When Henry Liebman caught a giant rockfish in Sitka, Alaska, its record-setting size hinted the fish might have been 200 years old.
Was this fish around before the U.S. purchased Alaska in 1867?
- The previous record-holding fish weighed 38.69 pounds and was 175 years old, according to Troy Tydingco of the Alaska Department of Fish and Game. Since Liebman’s catch is even bigger, Tydingco believes it’s older, too.
“That fish was 32-and-a-half inches long, where Henry’s was almost 41 inches, so his could be substantially older,” Tydingo told the Sentinel.
Liebman’s rockfish turns out be 64 years old. To find out the age of a fish, the Department of Fish and Game in Juneau looks at ear bones called otoliths. Like tree rings, the annuli found in otoliths indicate the age of the fish. Lab supervisor Kara Hilwig said that although Liebman’s catch was not as old, it had grown really fast compared to other rockfish. And the same week, the lab had determined a rockfish caught near Ketchikan was 120 years old.
A rougheye rockfish set a record at 205 years old and measured 32 inches.
Who knew rockfish lived that long?! Animal longevity remains a puzzle to biologists. We still have a lot to learn about life on Earth and it’s sad that that animals have to die before we can learn basic information. In that spirit, my first impression was that Henry Liebman was entirely too pleased with his catch. Sure, done correctly, fishing and hunting are a much better way to get protein than, say, factory-farming. But shouldn’t the death of a record-setting animal be … not quite so joyful?
What about catch and release?
The Alaska Department of Fish and Game rockfish guidelines state:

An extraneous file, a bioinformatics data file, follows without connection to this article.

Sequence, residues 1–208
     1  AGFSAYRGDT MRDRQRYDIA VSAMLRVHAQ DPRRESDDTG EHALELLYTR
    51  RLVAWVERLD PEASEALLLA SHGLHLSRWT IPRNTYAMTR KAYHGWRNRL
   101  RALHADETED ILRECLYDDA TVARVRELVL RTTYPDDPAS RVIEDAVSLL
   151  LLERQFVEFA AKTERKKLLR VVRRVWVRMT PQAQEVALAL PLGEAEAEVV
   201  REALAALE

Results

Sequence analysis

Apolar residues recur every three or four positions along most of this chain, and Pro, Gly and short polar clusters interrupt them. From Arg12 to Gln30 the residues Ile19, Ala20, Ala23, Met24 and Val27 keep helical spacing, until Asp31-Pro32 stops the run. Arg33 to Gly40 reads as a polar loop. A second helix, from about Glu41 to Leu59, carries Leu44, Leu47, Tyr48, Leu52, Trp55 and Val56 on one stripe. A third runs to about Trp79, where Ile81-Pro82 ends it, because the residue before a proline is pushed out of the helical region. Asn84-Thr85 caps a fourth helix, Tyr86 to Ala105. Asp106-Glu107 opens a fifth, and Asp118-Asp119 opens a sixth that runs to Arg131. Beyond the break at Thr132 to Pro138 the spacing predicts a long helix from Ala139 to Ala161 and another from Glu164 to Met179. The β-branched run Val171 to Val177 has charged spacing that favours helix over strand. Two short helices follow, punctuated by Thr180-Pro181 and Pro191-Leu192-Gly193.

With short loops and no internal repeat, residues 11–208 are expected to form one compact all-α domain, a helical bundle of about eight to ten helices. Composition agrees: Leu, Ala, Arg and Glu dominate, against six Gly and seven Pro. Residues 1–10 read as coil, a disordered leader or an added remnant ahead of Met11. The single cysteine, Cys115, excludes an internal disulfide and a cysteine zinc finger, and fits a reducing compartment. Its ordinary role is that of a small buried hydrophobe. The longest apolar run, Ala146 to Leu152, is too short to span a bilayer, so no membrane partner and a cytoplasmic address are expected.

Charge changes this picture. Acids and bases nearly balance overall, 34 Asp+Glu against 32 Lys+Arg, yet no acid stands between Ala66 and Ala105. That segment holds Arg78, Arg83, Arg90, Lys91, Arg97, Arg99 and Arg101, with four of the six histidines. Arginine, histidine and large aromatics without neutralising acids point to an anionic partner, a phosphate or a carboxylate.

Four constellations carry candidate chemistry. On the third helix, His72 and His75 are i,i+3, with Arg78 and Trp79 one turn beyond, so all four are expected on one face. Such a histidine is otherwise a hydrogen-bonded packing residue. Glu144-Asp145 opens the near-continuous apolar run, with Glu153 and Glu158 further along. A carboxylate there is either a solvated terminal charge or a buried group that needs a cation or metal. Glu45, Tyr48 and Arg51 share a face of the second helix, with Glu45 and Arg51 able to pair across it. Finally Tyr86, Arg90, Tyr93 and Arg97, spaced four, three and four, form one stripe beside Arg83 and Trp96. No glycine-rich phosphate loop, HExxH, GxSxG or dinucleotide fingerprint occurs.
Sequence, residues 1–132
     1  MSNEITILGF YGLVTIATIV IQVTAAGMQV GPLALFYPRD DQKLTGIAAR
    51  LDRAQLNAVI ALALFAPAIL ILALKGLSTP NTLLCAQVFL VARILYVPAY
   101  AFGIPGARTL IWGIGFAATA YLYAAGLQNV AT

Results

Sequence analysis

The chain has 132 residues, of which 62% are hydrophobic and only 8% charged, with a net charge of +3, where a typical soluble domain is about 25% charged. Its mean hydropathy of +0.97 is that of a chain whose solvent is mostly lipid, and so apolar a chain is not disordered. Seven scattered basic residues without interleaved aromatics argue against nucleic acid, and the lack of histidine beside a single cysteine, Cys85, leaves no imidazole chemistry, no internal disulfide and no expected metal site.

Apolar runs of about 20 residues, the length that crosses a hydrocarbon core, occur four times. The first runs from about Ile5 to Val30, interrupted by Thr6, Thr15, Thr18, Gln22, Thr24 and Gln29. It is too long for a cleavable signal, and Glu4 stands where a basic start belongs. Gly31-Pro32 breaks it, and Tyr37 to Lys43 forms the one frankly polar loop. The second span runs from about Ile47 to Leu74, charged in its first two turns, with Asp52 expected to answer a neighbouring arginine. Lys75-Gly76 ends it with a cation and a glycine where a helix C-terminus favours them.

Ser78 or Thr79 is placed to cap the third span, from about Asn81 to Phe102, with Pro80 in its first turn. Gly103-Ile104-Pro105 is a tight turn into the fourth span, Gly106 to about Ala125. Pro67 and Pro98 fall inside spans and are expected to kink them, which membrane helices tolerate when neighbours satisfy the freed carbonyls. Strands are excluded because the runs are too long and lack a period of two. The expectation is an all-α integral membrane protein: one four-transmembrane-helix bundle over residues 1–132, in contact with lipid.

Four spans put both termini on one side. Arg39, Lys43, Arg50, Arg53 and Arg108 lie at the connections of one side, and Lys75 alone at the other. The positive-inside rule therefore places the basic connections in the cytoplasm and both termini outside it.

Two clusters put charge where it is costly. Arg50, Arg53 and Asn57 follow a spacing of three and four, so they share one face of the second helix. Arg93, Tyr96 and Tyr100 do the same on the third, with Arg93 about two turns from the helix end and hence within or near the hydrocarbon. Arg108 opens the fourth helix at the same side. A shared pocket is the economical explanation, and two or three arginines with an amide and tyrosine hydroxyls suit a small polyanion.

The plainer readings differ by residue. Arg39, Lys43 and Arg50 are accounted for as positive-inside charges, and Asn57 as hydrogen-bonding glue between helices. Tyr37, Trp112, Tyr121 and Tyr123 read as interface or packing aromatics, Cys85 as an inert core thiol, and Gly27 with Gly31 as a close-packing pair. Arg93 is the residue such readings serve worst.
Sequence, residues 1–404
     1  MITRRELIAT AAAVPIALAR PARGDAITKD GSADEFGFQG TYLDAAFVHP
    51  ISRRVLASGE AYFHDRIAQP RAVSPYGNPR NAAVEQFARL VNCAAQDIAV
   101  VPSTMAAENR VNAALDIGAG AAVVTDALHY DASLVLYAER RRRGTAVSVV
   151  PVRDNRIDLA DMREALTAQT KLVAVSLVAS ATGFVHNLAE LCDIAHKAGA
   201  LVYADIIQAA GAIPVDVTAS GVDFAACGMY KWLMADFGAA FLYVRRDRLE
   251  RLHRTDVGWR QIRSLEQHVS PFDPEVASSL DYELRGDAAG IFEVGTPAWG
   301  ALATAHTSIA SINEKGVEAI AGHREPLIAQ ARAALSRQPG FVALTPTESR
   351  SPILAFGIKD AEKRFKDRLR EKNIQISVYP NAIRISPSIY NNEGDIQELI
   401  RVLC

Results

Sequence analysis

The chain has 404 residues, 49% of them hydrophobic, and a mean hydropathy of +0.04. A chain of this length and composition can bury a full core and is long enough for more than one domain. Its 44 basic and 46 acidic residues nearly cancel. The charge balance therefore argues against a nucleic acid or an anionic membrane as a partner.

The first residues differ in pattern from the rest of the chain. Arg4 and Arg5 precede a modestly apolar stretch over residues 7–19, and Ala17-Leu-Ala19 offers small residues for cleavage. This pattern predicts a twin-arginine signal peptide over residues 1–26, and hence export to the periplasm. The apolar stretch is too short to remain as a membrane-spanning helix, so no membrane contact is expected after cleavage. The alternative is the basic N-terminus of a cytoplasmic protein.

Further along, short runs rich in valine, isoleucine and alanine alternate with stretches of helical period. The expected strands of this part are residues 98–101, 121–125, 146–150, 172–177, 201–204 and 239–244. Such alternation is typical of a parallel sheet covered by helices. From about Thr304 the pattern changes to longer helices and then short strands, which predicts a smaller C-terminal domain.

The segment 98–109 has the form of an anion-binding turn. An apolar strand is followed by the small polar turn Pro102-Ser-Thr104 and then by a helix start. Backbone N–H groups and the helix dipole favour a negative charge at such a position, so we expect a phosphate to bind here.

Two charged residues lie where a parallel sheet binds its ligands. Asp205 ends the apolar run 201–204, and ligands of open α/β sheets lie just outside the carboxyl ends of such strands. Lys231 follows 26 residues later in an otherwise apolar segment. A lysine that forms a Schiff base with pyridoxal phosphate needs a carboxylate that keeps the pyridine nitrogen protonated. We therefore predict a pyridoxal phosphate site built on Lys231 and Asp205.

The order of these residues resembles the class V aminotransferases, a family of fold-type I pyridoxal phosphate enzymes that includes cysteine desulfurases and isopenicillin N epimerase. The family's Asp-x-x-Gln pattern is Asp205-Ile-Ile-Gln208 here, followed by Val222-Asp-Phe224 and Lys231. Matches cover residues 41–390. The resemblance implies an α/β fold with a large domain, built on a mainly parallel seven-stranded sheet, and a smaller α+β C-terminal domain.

- Rockfish caught in deep water often sustain injuries — referred to as barotrauma — caused by rapid decompression and expansion of gases in the swim bladder. Fish that are released with inflated swim bladders cannot resubmerge and will die. Because of high release mortality, intentional catch-and-release fishing is greatly discouraged, particularly in depths of 60 feet or greater.
Liebman caught his in 850-feet deep waters so releasing was not an option.
But researchers are testing deep-water release techniques and survival rates. There are home-made and commercial devices aiding successful deep-water release of fish as well as a conservation video made by the Alaska Fish and Game Department.
There are new regulations as well:
- Beginning in 2013 all charter vessels operating in Southeast Alaska must have a release device on board and all non-pelagic rockfish released by guided anglers must be released at depth. There must be something to this –how often do anglers ask for additional regulations upon themselves?
Let’s hope that although regulations can be cumbersome, they will help keep both fishermen and rockfish happy in the years to come.